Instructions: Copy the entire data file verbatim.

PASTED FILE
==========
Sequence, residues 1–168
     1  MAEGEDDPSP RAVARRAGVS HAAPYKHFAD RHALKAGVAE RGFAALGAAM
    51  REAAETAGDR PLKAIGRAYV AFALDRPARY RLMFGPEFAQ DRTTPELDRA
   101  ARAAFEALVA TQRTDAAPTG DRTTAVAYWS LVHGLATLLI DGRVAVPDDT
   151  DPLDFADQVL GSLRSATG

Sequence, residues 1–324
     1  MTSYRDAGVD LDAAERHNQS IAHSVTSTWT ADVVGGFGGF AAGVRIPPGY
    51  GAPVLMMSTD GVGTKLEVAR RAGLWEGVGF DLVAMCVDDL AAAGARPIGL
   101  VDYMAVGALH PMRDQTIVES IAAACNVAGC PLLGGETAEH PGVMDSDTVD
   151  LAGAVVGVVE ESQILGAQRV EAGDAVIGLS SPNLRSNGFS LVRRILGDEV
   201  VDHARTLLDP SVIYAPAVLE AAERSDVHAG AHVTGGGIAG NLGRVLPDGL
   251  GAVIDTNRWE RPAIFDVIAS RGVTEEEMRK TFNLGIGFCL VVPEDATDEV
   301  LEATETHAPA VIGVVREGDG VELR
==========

Sequence, residues 1–168
     1  MAEGEDDPSP RAVARRAGVS HAAPYKHFAD RHALKAGVAE RGFAALGAAM
    51  REAAETAGDR PLKAIGRAYV AFALDRPARY RLMFGPEFAQ DRTTPELDRA
   101  ARAAFEALVA TQRTDAAPTG DRTTAVAYWS LVHGLATLLI DGRVAVPDDT
   151  DPLDFADQVL GSLRSATG

Sequence, residues 1–324
     1  MTSYRDAGVD LDAAERHNQS IAHSVTSTWT ADVVGGFGGF AAGVRIPPGY
    51  GAPVLMMSTD GVGTKLEVAR RAGLWEGVGF DLVAMCVDDL AAAGARPIGL
   101  VDYMAVGALH PMRDQTIVES IAAACNVAGC PLLGGETAEH PGVMDSDTVD
   151  LAGAVVGVVE ESQILGAQRV EAGDAVIGLS SPNLRSNGFS LVRRILGDEV
   201  VDHARTLLDP SVIYAPAVLE AAERSDVHAG AHVTGGGIAG NLGRVLPDGL
   251  GAVIDTNRWE RPAIFDVIAS RGVTEEEMRK TFNLGIGFCL VVPEDATDEV
   301  LEATETHAPA VIGVVREGDG VELR